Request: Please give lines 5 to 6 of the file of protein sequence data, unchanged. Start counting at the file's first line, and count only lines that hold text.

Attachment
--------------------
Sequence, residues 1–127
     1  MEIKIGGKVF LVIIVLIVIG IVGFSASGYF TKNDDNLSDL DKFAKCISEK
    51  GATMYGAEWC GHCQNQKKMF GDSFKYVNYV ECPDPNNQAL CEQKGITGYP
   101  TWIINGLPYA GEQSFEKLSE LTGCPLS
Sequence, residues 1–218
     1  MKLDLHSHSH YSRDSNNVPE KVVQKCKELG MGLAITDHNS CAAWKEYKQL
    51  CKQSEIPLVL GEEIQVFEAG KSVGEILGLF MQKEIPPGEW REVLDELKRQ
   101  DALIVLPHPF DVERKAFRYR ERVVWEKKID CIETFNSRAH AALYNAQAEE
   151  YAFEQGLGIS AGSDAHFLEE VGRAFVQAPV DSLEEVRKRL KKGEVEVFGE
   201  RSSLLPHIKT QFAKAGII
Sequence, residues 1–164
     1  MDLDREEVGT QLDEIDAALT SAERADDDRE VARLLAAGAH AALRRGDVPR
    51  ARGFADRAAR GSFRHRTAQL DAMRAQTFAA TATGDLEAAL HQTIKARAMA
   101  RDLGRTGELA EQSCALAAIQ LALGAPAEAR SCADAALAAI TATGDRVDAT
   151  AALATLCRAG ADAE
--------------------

Sequence, residues 1–218
     1  MKLDLHSHSH YSRDSNNVPE KVVQKCKELG MGLAITDHNS CAAWKEYKQL